Whilst some commentators have intimated the buying of shares by two company directors just three days before the release of price sensitive sales results was on the limits of insider trading laws, ASIC has decided to issue David Jones with a ‘no further action’ letter. Despite ASIC’s decision to not take further action, the share trading has still resulted in the resignation of the relevant directors.
On 10 January 2014, less than two weeks after ASIC announced its conclusion of the two month investigation, accused directors, Steve Vamos and Leigh Clapham, and David Jones Chairman, Peter Mason, have announced their decision to resign from David Jones as part of a ‘board renewal process’. This news comes after significant pressure from shareholders to remove the directors, despite the fact ASIC’s investigation yielded no evidence to prove that the trades were made in violation of the insider trading laws.
The investigation was sparked after criticism emerged following the alleged approval of share trading by two non-executive directors, just three days prior to the release of unexpected positive sales results, and one day following David Jones receiving a scrip merger proposal from industry rival Myer. The directors, who bought a total of 32,500 shares were said to have made the trades to illustrate their long-term commitment to the company. This was said to be because CEO, Paul Zahra, had announced his intention to resign earlier that month under suggestion there were disagreements between various board members.
Peter Mason, who allegedly approved the trading, claimed the directors were not privy to any price sensitive information. Yet his defence became unhinged after both announcements caused share prices to spike significantly, despite the merger announcement also stating the proposal was rejected. Mason allegedly still claimed the directors did not previously obtain the quarterly sales data and that the merger was not materially price sensitive. If it was found the directors did not have the quarterly sales information and the merger proposal did not satisfy the definition of materially price sensitive information, the directors would not have violated the insider trading laws (amongst other possible defences).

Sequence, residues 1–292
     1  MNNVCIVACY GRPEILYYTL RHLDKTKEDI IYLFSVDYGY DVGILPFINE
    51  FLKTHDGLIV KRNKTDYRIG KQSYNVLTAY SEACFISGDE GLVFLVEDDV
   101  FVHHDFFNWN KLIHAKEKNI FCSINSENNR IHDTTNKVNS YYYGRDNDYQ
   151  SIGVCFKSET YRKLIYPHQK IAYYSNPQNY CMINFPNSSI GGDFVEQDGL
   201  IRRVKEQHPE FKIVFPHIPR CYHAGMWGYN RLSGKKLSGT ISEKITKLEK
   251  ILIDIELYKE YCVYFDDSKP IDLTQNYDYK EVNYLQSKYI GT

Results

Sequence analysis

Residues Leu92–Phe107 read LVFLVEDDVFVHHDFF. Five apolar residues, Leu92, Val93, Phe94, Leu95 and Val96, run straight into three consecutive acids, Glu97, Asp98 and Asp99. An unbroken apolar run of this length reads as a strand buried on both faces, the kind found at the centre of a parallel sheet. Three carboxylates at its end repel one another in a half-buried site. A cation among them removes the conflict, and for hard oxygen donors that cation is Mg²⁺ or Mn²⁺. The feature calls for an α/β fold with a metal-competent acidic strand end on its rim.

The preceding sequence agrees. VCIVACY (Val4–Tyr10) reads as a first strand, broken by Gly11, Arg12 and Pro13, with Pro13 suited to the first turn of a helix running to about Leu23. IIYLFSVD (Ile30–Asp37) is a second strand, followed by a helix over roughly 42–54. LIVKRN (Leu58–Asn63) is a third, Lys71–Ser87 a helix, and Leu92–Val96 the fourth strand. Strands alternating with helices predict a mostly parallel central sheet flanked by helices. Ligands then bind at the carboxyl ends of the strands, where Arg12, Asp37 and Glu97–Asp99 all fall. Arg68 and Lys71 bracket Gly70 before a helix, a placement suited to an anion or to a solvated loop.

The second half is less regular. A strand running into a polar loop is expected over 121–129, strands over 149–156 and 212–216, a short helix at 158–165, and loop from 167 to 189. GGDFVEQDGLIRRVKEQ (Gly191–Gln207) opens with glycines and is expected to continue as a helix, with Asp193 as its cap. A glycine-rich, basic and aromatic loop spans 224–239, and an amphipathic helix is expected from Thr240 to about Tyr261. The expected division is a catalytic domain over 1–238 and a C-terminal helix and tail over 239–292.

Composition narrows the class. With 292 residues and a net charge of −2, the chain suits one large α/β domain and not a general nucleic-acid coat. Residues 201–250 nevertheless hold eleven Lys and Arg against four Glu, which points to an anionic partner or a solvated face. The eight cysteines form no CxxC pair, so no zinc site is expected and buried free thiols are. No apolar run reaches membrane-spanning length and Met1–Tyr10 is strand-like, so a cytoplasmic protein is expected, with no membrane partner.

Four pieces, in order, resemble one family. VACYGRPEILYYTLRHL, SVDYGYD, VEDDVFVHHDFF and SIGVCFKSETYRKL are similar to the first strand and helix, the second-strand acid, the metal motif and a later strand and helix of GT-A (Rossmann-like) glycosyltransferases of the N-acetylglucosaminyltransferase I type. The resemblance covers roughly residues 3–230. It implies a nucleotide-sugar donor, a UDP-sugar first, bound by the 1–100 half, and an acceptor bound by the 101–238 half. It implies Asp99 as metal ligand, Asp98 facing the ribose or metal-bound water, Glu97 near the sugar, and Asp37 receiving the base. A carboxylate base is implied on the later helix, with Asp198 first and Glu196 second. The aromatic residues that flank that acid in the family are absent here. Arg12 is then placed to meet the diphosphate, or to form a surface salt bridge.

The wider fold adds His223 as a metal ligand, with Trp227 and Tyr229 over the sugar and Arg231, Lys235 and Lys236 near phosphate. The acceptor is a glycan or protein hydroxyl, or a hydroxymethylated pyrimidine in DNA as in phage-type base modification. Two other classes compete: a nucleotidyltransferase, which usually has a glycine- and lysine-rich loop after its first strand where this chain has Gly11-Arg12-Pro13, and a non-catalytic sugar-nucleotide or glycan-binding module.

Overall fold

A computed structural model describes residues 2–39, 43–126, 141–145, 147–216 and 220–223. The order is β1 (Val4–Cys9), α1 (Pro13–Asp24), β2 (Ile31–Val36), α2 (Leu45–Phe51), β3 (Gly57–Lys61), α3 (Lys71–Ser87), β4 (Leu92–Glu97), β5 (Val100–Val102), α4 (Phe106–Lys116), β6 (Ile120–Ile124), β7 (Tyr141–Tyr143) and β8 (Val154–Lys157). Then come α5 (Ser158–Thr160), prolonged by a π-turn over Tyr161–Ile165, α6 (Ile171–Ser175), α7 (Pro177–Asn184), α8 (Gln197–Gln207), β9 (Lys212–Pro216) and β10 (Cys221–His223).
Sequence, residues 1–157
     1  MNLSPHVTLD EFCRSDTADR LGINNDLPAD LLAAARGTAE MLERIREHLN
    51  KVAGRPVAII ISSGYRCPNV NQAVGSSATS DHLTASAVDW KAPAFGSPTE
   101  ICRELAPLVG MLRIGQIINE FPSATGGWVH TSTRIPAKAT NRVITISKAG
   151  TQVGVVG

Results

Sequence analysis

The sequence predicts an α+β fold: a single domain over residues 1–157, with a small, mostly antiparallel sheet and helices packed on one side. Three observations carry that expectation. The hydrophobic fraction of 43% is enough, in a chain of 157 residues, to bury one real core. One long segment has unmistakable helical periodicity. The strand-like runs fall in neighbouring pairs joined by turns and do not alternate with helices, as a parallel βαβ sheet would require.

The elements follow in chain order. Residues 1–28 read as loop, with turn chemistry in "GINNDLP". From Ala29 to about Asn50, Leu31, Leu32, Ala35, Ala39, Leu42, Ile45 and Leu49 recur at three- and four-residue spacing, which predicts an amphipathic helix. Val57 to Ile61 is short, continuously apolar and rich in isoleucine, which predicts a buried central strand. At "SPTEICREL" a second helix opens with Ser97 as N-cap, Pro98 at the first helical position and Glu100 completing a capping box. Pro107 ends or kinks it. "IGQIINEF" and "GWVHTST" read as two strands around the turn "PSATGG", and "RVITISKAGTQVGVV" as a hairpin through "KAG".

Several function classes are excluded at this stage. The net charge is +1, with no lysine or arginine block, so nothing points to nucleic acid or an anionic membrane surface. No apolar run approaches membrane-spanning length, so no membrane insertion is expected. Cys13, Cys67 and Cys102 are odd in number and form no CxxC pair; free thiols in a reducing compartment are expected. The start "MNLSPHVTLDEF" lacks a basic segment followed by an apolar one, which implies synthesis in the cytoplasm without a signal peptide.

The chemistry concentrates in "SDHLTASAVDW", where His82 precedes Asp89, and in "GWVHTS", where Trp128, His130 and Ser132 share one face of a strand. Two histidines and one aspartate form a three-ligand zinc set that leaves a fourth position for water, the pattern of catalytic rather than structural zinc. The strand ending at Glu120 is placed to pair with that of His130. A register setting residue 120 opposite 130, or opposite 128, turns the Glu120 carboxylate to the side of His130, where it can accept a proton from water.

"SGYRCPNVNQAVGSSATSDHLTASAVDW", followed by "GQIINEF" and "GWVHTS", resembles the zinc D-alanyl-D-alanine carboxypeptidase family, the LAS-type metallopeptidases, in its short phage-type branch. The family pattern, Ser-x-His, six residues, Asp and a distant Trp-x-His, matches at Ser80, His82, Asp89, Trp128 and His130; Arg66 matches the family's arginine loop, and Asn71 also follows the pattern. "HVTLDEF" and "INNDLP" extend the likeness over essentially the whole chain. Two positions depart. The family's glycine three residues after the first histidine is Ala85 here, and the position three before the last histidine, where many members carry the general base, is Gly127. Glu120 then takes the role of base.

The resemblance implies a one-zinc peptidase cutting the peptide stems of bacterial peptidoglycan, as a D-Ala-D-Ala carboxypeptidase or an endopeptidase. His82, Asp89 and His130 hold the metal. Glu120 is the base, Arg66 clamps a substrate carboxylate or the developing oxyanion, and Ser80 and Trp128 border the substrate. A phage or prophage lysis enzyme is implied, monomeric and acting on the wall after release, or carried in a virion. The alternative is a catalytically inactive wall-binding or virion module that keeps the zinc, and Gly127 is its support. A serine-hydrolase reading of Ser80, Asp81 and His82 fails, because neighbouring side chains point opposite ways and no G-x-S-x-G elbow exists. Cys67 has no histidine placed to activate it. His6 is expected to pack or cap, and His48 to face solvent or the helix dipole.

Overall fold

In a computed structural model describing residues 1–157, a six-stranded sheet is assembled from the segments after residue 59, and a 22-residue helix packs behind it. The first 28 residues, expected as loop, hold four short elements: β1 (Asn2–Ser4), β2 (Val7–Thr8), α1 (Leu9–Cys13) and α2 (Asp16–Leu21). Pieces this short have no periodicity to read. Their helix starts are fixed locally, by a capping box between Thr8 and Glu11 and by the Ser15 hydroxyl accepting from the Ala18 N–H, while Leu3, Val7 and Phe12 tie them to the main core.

For ASIC to successfully prosecute an instance of insider trading, investigators must be able to satisfy four key tests, proving: the directors actually possessed the information at the time of trades; the information was inside information that was not generally available; the information was price sensitive; and the suspected directors knew, or ought to have known, the information was material and not publicly available.
While ASIC has not publicly released any information as to why the investigation was dismissed, it is potentially relevant that investigators may not have formed the view that the directors knew the information concerning the quarterly sales and that the merger offer was price sensitive. While the announcement of the merger did result in an increased share price, the definitions given in the Corporations Act states that, ‘for information to be material, a reasonable person would be taken to expect that the information would, or would be likely to, influence persons decisions in deciding whether or not to acquire shares’. As this was a ‘merger of equals’ where David Jones would not have received any premium on their share price, the value of the company and shares arguably would not have increased, making it difficult to prove the information of the merger was, by definition, material.
Regardless of the findings of the ASIC investigation, the resignations of the directors highlights the ever increasing need for appropriate corporate governance and security trading policies. Particular care should be taken whenever a company is ‘in play’ or pending release of formal results, if management information is available.